10/23/2002 11:00PM

Plenty to bet on, but little to root for

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ARLINGTON HEIGHTS, Ill. - Earlier this year, racing was celebrating champions named Johannesburg, Tempera, Tiznow, Sakhee, and Squirtle Squirt, all with promising campaigns ahead of them. Siphonic and Repent were the favorites for the Triple Crown. These and other stars young and old - Bella Bellucci, Caller One, Flute, Left Bank, Officer, Saarland, Spain, Street Cry, Val Royal, You - figured to be the sport's headliners in 2002 and the early favorites for Breeders' Cup XIX.

Don't bother looking for any of those 17 names in the entries at Arlington Park Saturday; not one of them has made it to this Breeders' Cup. Only two of last year's Eclipse Award winners, Banks Hill and Xtra Heat, are back, and Banks Hill is the only one of last year's Cup winners still in training.

Such is racing's weakness and its strength. It's hard to think of another professional sport that could lose its top 17 players in the course of a season, and just as difficult to imagine a game so resilient and renewable it can do so without really missing a beat. No one is complaining about a lack of quality, intrigue, or competitiveness in this year's fields, even without so many stars of such recent vintage.

Fragility and early retirement are recurring and dominant themes in the sport these days, but it's still hard to think of a topsy-turvier season than 2002. Where were some of the biggest names in this Breeders' Cup last January?

War Emblem, the 3-1 morning-line favorite in the $4 million Classic, was finishing fifth at 12-1 in the ungraded Lecomte Handicap at Fair Grounds Jan. 26 for trainer Bobby Springer. Medaglia d'Oro, 7-2 in the Classic, was a maiden with only a second-place finish to Spicey Marcloud at Turfway Park on his rŽsumŽ. Azeri, 6-5 in the $2 million Distaff, had yet to run in a stakes race though she looked good winning an $80,000 optional claimer at Santa Anita. Orientate, the solid favorite in the $1 million Sprint, was routing and running on grass because he was only the second-best sprinter in his own barn.

While this Cup is as good a betting card as many, it's an unenviable job to promote this year's event to the general public. The Breeders' Cup's slogan of "America vs. The World!" is rather unfortunate in the current political climate, the "world" appears to consist largely of the Aidan O'Brien stable, and the internationalism of the event does not seem to extend much past the usual dominance of the Europeans in the grass races. It's disappointing that Rock of Gibraltar is going in the Mile instead of the Classic, leaving only Hawk Wing - who is 1 for 5 this year - to represent The World in the day's biggest race.

For better or worse, that leaves War Emblem as the default headliner, though it's unclear he'll even be favored in the Classic and he would surprise no one by finishing closer to eighth than first. He's hard to get warm and fuzzy about in this spot because he will be gone in a blink, off to Japan for a life at stud after this Classic. He was bred in Kentucky and began his career in Chicago, but he races for a Saudi Arabian estate and he's on his way to Hokkaido. So much for clear-cut nationalist rooting.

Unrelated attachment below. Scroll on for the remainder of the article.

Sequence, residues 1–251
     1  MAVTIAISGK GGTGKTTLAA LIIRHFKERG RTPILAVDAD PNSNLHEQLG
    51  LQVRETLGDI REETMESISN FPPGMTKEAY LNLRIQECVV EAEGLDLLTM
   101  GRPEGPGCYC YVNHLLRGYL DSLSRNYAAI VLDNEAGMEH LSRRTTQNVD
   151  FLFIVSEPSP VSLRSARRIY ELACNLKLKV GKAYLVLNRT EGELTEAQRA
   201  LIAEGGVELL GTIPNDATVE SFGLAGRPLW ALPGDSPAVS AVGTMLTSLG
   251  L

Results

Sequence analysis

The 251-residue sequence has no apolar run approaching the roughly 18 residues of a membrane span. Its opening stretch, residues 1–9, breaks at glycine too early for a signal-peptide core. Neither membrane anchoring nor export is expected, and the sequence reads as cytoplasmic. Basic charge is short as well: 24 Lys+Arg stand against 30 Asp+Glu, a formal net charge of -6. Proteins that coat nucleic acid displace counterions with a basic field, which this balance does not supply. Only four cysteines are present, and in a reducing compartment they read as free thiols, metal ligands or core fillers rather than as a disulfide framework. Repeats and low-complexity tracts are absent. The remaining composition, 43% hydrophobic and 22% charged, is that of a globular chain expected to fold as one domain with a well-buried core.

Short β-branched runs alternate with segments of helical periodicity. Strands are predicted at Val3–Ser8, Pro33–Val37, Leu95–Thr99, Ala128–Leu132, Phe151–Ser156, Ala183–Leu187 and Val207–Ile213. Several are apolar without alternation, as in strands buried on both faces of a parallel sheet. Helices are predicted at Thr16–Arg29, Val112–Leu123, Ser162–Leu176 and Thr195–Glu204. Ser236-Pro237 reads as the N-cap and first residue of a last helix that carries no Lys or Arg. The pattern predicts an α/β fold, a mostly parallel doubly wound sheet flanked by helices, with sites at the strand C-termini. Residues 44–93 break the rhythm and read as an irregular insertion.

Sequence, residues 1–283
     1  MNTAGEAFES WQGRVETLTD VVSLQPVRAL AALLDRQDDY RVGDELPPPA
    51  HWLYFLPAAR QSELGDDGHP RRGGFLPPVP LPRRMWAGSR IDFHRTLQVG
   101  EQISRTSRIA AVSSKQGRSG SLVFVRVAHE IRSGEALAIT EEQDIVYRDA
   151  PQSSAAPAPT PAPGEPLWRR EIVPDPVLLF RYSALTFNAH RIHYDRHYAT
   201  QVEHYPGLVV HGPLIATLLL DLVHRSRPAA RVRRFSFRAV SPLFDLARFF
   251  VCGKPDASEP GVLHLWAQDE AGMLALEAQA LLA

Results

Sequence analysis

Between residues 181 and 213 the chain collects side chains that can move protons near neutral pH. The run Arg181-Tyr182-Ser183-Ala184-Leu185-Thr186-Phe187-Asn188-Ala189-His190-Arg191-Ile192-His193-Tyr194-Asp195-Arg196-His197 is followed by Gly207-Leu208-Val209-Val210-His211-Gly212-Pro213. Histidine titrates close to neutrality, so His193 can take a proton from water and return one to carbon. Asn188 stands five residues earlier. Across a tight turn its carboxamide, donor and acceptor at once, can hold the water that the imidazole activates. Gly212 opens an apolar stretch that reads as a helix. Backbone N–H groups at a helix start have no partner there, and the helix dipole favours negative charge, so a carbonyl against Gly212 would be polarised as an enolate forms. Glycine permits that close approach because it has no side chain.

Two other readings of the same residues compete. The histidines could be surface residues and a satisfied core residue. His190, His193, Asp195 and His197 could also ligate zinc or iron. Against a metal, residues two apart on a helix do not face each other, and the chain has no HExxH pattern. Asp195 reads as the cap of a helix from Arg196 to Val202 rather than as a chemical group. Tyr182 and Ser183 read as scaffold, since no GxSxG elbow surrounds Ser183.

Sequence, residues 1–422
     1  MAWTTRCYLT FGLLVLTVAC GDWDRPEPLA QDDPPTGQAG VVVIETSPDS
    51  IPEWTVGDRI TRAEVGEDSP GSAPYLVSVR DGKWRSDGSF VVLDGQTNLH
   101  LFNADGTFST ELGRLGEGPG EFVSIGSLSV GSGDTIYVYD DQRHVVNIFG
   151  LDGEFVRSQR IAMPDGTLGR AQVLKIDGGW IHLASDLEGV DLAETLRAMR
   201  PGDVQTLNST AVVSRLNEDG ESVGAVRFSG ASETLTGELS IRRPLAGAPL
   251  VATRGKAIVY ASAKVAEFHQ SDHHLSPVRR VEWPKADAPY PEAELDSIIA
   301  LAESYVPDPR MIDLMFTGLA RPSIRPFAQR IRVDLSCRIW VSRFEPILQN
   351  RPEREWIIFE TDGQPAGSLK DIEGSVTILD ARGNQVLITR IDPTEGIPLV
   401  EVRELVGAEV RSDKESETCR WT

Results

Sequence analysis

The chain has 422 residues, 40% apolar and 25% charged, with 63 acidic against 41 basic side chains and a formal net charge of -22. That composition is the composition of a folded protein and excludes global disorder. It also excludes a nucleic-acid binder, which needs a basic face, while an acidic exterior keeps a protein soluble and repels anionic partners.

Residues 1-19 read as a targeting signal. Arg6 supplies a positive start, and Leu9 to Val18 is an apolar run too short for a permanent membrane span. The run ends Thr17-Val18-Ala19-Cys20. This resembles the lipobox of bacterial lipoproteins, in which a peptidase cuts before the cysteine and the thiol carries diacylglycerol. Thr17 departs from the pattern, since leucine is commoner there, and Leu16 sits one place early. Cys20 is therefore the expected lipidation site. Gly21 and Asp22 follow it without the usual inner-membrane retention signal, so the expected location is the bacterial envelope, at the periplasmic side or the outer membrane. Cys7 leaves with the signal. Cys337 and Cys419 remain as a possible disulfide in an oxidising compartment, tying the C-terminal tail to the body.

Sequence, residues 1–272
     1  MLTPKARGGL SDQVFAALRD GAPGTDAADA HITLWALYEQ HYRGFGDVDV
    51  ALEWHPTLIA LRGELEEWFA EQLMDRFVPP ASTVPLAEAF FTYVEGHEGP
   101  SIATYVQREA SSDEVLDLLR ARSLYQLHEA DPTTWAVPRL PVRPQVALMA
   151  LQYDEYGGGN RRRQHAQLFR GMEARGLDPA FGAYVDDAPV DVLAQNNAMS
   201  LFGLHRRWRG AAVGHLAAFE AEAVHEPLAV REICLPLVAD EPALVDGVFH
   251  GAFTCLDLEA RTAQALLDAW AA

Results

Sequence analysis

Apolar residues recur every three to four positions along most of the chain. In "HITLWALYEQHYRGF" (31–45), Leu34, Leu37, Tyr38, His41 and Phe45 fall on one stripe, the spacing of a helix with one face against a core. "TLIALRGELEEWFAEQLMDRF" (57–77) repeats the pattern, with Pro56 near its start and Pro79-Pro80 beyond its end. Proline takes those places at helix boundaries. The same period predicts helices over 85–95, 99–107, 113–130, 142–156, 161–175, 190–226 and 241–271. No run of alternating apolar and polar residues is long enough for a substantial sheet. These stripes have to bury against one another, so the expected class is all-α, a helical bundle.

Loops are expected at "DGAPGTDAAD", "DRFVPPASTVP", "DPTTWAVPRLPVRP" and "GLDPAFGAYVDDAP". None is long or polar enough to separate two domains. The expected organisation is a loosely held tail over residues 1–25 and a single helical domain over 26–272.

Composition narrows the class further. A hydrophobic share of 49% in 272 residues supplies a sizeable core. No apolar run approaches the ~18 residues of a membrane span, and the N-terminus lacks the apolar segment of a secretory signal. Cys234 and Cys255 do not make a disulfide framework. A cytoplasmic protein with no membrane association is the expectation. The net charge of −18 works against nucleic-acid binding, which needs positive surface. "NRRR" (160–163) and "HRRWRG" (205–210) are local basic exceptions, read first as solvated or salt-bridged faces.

This Classic gets weirder the longer you look at it. It's the first time that three 3-year-olds are the three morning-line favorites, and they share something even more unusual: War Emblem, Medaglia d'Oro, and Came Home are all unraced since August, and no horse has ever won a Classic off that long a layoff. It's as if their trainers saw Farda Amiga win the Alabama off a long layoff and Repent almost win the Travers off a long layoff and suddenly decided to throw a lifetime of conventional training wisdom out the window.

How can you trust any of these colts? You can't. Robert Grenetz, the former track security guard (he was in charge of safeguarding CBS's winner's circle cameras the day of Secretariat's Belmont) who won DRF's drawing for $10,000 to play the Ultra Pick Six, has some strong opinions on the card. But he's structuring a ticket that will leave him alive to 10 of the 12 horses in the Classic. He's not even sure that the other two can't win but he figures that if he gets that far, he can always hedge by betting those excluded 50-1 shots out of his own pocket.

My own Classic selection, Evening Attire, seems an appropriate one in this Twilight Zone season. He wasn't in last year's Cup and scored his first stakes victory four days after it - as a 65-1 shot beating Street Cry in the Discovery Handicap at Aqueduct. That began a 6-for-9 streak culminating with a victory in the Jockey Club Gold Cup last month. Besides the fact that he's a nice-looking gray and races for likeable people, the best thing about him is that he's a gelding, so there's actually a chance you can root for him again after Saturday, and maybe even in next year's Classic. These days, and especially this year, that's a lot.